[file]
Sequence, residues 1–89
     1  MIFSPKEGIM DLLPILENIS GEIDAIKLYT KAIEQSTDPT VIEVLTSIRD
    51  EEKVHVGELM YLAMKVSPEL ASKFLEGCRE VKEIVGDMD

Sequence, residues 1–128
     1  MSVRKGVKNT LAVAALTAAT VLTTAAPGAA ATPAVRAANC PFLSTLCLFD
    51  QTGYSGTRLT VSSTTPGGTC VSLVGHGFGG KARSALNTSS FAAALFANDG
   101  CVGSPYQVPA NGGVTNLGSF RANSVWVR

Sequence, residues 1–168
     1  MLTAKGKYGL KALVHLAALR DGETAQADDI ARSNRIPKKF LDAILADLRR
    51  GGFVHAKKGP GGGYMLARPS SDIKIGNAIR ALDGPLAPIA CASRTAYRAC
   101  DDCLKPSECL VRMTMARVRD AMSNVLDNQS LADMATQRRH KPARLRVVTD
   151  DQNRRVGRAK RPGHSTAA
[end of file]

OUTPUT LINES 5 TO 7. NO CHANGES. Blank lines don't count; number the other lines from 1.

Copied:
     1  MSVRKGVKNT LAVAALTAAT VLTTAAPGAA ATPAVRAANC PFLSTLCLFD
    51  QTGYSGTRLT VSSTTPGGTC VSLVGHGFGG KARSALNTSS FAAALFANDG
   101  CVGSPYQVPA NGGVTNLGSF RANSVWVR